• Keratosis pilaris - keratin accumulation at the base of hair follicles causing a harmless papular skin change.

  • Milia - common, benign, keratin-filled epidermoid cysts presenting as very small, raised, pearly-white or yellowish bumps on the skin. Common in newborns, but can occur at any age. Usually on the face.

  • Hand, foot and mouth disease - lesions may be papules, vesicles, blisters or ulcers, occurring typically on the oral mucosa and extremities. Most often caused by a member of the Coxsackievirus group.

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Is it red and scaly?

With epidermal breakage (eczematous)?

Atopic eczema typically involves itching erythematous patches, papules and plaques with moist crusted erosions on the face, neck and upper trunk and also the elbows and knees.

Without epidermal breakage


  • Seborrhoeic dermatitis - inflamed greasy areas with fine scaling, most commonly on the face. Present with thicker scales as cradle cap in babies and infants.

  • Psoriasis - chronic plaque psoriasis is typified by itchy, well-demarcated circular-to-oval bright red/pink elevated lesions (plaques) with overlying white or silvery scale, distributed symmetrically over extensor body surfaces and the scalp. (Fissuring within plaques can occur when lesions are present over joint lines or on the palms and soles.)

  • Tinea corporis - skin lesions have annular scaly plaques with raised edges. There may be vesicles and pustules.

  • Tinea capitis - scaling, often with hair loss, on the scalp.

  • Pityriasis rosea - usually on the trunk. A herald patch of 2-5 cm in diameter, which is oval or round with a central, wrinkled, salmon-coloured area, separated from a dark red peripheral zone by fine scales. Symmetrical secondary rash with lesions which are small versions of the herald patch, with the two red zones separated by a scaling ring. They are typically distributed in a 'Christmas tree' pattern.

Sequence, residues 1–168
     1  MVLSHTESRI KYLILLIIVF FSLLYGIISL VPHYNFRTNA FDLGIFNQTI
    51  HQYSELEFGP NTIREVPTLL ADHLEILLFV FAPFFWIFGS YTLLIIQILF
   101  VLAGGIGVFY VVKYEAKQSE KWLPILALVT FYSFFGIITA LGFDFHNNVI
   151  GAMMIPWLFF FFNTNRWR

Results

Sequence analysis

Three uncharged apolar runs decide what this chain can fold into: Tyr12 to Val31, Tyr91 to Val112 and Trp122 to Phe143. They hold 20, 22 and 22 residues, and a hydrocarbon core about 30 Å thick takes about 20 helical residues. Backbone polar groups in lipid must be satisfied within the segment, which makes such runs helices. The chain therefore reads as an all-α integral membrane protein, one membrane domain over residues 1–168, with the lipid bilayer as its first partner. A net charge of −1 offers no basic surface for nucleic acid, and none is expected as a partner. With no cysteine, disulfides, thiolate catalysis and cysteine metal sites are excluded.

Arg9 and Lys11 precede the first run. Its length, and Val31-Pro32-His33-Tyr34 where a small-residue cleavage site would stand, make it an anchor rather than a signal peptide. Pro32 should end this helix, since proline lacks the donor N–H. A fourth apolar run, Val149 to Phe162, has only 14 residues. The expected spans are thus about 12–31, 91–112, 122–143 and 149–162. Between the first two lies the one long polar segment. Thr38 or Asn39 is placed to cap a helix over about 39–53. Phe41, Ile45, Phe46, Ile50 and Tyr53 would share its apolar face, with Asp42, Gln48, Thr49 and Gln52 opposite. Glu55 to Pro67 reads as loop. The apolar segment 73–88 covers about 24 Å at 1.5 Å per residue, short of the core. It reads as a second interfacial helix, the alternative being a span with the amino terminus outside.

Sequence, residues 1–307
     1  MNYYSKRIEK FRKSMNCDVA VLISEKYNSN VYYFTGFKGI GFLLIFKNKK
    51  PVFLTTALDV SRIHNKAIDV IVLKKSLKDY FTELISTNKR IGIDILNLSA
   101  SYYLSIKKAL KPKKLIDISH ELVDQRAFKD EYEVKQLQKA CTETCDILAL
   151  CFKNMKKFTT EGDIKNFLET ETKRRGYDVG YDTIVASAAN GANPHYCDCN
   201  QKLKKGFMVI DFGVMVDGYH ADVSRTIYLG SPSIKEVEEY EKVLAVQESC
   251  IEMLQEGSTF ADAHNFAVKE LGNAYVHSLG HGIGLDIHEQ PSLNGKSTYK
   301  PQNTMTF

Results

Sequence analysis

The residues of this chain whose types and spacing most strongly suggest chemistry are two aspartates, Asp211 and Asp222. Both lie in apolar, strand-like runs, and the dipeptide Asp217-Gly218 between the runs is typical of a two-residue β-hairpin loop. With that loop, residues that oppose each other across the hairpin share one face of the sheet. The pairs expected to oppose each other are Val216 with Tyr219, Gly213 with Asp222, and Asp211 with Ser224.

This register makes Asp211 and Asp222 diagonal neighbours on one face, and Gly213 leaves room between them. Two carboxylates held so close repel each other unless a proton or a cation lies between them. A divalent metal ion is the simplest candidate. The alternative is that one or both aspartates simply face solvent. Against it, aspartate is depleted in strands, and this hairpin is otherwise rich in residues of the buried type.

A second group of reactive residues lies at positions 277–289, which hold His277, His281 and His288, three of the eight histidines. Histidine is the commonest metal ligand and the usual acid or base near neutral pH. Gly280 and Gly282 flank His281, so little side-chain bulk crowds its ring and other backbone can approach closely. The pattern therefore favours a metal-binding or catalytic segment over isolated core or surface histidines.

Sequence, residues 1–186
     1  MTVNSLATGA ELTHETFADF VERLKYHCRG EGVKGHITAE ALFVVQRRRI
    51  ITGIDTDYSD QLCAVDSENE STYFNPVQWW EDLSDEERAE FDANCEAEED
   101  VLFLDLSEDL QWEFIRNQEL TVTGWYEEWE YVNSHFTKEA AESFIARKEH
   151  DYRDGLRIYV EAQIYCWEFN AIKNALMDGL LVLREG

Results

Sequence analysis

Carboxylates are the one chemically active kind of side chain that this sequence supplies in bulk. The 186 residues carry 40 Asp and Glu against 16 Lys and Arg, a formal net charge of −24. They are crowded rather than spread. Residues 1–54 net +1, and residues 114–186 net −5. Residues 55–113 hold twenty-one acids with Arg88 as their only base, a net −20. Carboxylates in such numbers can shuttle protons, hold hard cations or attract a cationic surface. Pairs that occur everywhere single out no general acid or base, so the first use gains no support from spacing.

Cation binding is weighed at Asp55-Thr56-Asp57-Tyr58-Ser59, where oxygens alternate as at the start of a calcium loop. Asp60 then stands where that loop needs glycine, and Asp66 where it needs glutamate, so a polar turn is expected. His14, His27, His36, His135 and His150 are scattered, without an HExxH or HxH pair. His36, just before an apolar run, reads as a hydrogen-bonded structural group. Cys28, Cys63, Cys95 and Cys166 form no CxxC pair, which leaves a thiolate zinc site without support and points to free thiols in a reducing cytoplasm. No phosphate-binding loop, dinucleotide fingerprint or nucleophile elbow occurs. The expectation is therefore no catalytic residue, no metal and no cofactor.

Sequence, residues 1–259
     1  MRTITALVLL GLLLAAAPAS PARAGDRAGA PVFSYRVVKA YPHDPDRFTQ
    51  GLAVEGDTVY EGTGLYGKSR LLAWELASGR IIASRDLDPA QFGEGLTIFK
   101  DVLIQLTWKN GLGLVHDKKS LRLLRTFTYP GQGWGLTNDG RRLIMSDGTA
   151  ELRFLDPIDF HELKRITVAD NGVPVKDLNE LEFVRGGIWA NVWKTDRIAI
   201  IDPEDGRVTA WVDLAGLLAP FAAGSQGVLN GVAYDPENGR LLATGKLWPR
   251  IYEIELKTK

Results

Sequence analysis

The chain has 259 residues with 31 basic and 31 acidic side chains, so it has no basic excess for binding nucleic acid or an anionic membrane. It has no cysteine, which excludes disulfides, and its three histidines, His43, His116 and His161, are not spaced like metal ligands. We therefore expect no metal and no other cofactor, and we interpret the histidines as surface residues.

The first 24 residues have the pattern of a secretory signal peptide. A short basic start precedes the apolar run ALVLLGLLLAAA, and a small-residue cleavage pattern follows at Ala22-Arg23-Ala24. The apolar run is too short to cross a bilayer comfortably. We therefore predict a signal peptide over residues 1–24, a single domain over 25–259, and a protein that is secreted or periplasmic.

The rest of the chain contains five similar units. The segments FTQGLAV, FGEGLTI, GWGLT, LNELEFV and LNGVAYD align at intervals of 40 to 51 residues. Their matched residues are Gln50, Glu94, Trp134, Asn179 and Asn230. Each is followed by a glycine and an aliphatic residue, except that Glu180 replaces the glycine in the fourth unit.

Is it red but not scaly (and NOT purpuric)?


  • Cellulitis - infection of the dermis and subcutaneous tissue. There is erythema, pain, swelling and warmth of the affected area.

  • Kawasaki disease - widespread non-vesicular rash along with erythema, swelling and desquamation affecting the skin of the extremities. Associated with this is a fever lasting ≥5 days, marked irritability, bilateral conjunctivitis, inflammation of the lips, mouth and/or tongue and cervical lymphadenopathy.

  • Scarlet fever and the viral exanthemas - for example:

    • Measles - presents as erythematous macules and papules; initially discrete, may become confluent on the face, neck and shoulders. On mucous membranes, Koplik's spots (tiny bluish-white papules with erythematous areolae) may develop. Also, upper respiratory tract infection with cough, malaise and fever subsiding as the rash increases (measles prodrome = the 4 Cs - cough, coryza, conjunctivitis and very cranky!).

    • Scarlet fever (= scarlatina) exotoxin-mediated rash (Group A streptococcus) - sore throat, then general erythema (classically with perioral sparing), followed by confluent petechiae in skin folds (Pastia's sign) due to increased capillary fragility. Strawberry tongue (initially white, then red). Skin desquamation (peeling) frequently follows the rash.

    • Rubella - pink macules and papules starting on the forehead and spreading to the face, trunk and extremities on the first day. Fades from the face on the second day and the rest of the body by the third day. Petechiae on the soft palate before the rash. Low fever.